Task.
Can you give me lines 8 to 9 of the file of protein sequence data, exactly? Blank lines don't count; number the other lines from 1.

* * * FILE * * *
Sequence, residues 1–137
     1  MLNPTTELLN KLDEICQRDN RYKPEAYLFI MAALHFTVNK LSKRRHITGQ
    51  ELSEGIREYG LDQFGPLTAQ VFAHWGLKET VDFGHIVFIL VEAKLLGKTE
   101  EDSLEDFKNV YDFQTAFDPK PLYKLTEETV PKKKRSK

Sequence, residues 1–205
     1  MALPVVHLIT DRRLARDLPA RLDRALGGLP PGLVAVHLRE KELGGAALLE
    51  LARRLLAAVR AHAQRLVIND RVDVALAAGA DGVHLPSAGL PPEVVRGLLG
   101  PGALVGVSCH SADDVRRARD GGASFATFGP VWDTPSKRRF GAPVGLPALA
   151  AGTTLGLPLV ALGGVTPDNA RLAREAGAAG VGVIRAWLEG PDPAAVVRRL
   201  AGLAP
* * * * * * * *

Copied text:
   101  PGALVGVSCH SADDVRRARD GGASFATFGP VWDTPSKRRF GAPVGLPALA
   151  AGTTLGLPLV ALGGVTPDNA RLAREAGAAG VGVIRAWLEG PDPAAVVRRL